Obama will win Wisconsin as well. The final Marquette Law School Poll shows Obama with a 51-43 lead over Romney. The Marquette poll called the recall election nearly spot-on, and had been consistently accurate. That brings us to the Senate.
The Wisconsin Senate Race – Nate Silver has Tammy Baldwin at a 79% chance of defeating Thompson, but the poll margins are extremely close. The voter registration numbers referenced above make the split even closer. The last Marquette poll gives the slightest edge to Baldwin as well, 47-43 (just outside the Margin of Error). I’m going to use another factor in making my prediction – momentum.
The January Marquette poll showed that 50% of respondents had not heard enough of Tammy Baldwin to form an opinion of her. Only 17% said the same of Thompson. Baldwin had a 23% favorable rating, Thompson 49% favorable. By the June Marquette poll, 39% had not heard enough of Baldwin, 12% had not heard enough of Thompson to form an opinion. The favorability gap was closing – 27% Baldwin, 48% Thompson. In the first head-to-head poll of likely voters, Thompson had a 49-41% lead over Baldwin.
Fast forward to the second August Marquette poll. Baldwin continued to close the recognition gap; 27% not knowing enough of Baldwin, 17% not knowing enough of Thompson. The favorability gap also continued to close – Baldwin at 32%, Thompson at 40%. Among likely voters, Thompson continued to lead 50-41%, virtually unchanged from June.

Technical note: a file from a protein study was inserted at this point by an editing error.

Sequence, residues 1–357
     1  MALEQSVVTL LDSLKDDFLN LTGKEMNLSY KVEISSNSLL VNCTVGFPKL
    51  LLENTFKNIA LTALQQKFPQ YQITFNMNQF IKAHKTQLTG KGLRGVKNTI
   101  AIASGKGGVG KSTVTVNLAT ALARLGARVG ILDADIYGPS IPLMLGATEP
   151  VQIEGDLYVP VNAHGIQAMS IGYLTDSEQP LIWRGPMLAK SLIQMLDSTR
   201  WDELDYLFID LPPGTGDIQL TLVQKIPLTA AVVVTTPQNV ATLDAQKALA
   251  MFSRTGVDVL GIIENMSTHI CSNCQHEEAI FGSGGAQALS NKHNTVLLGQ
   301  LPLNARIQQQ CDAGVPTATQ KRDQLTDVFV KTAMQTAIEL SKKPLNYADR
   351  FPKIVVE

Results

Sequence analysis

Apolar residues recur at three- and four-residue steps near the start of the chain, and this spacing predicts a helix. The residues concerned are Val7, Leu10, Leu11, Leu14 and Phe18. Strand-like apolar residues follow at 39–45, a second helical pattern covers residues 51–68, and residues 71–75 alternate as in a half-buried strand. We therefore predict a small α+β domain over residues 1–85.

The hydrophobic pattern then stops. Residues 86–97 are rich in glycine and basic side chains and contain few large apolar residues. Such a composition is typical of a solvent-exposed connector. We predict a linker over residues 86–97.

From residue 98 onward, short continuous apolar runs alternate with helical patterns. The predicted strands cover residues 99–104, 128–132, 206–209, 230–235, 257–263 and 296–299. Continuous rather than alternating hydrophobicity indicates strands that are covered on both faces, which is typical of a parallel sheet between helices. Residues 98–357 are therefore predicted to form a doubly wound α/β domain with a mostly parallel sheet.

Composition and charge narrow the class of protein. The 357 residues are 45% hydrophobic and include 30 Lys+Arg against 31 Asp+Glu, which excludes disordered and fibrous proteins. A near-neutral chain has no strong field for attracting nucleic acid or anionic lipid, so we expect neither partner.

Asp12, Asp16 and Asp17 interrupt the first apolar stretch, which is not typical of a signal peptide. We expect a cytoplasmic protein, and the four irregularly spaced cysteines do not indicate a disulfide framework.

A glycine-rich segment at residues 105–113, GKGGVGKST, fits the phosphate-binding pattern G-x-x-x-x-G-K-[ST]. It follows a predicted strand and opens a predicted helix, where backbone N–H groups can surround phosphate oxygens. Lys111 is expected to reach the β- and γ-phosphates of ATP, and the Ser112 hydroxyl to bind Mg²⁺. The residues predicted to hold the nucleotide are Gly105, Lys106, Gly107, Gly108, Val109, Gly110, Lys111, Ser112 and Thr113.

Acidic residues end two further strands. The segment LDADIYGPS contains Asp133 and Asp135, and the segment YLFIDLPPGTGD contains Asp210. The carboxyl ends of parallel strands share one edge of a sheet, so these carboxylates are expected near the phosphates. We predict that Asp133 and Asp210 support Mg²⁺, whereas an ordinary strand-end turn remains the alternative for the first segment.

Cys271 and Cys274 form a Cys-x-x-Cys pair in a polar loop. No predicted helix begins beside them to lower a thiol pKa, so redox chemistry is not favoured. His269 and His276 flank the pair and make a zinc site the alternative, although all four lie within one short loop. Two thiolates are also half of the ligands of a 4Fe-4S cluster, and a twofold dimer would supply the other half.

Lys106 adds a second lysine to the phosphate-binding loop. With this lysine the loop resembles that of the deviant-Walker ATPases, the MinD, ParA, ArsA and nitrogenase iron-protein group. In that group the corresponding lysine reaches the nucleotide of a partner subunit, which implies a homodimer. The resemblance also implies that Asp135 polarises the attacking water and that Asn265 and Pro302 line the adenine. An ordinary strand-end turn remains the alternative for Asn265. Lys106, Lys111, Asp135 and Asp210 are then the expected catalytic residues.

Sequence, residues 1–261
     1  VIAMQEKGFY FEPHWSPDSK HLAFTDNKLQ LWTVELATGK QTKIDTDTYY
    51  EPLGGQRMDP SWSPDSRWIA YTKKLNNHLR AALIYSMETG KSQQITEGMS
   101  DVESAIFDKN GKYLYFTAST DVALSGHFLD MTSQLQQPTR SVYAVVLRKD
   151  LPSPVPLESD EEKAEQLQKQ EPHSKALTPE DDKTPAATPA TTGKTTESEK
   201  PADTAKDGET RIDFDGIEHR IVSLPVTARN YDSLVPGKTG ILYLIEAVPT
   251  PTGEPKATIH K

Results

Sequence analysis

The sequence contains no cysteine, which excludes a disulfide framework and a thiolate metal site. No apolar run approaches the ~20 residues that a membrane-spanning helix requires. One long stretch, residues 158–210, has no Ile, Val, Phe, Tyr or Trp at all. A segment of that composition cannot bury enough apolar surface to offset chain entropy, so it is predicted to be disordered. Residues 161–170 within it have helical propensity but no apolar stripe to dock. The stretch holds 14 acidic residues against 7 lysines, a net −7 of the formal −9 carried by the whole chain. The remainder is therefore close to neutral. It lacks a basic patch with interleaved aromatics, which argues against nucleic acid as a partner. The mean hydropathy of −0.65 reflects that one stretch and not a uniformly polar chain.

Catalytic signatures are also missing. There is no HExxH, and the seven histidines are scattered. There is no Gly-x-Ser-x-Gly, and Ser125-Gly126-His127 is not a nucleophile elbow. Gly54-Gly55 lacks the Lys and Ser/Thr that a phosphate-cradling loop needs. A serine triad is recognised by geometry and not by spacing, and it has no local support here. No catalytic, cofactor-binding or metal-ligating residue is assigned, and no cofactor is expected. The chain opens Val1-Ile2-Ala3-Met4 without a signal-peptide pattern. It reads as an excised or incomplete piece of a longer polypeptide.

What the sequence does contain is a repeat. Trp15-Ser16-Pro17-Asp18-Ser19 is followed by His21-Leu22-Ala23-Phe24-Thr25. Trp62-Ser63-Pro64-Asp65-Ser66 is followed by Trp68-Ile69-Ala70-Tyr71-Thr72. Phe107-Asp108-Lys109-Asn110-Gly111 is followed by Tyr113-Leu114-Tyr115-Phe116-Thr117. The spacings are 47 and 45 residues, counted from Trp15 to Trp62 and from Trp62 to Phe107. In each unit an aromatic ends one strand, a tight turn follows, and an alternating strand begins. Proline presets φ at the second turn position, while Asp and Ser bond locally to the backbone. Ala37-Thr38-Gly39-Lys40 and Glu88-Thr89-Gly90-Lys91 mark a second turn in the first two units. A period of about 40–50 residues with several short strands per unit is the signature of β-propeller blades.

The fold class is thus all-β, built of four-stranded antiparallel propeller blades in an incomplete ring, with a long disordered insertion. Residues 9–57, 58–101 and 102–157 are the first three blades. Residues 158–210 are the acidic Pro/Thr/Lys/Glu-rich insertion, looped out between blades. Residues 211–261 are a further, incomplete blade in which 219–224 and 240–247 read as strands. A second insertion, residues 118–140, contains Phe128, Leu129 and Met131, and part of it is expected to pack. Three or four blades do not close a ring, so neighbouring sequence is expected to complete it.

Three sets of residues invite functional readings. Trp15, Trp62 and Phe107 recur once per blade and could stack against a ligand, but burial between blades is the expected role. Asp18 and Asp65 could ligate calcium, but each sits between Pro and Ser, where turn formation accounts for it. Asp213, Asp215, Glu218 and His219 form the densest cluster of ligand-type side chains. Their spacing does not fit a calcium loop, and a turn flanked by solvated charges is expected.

The second September Marquette poll shows a greater shift in momentum taking place. Only 20% of voters had not heard enough of Baldwin to form an opinion (down from 50% eight months before), with Thompson holding steady at 12%. In the favorability rating, Baldwin had closed the gap – 37% Baldwin, 36% Thompson (compare to 23-49% January). In likely voters, Baldwin gained her first lead in the poll, 48-44%.
That brings us to the last Marquette poll pre-election. Among likely voters, only 13% had not heard enough of Baldwin – about where Thompson started. Favorability ratings are identical – 38% to 38%. More importantly, as more people have come to know Tommy Thompson, his unfavorable rating is 6 points higher than Baldwin’s, 51 – 45%. This was the first poll Thompson had a 50%+ unfavorable rating.
My prediction – based on the momentum of Tammy Baldwin, and the corresponding “coat-tail” effect of Barack Obama winning in Wisconsin by a fairly wide margin, that will be enough to give the razor’s edge victory to Baldwin. Tommy won’t go down without a fight – expect a recount. In the end, Baldwin wins and the Wisconsin US Senate is split.
This entire scenario relies on a fair and accurate election – which is in question and highly suspect. The Brad Blog has been at the forefront of following election hijinks perpetrated by private corporateers who control the software and data involved in elections. It is astounding that in the first democracy, our election system is controlled by private corporate profiteers with significant conflicts of interest and political agendas – much as would be expected in a third world country election.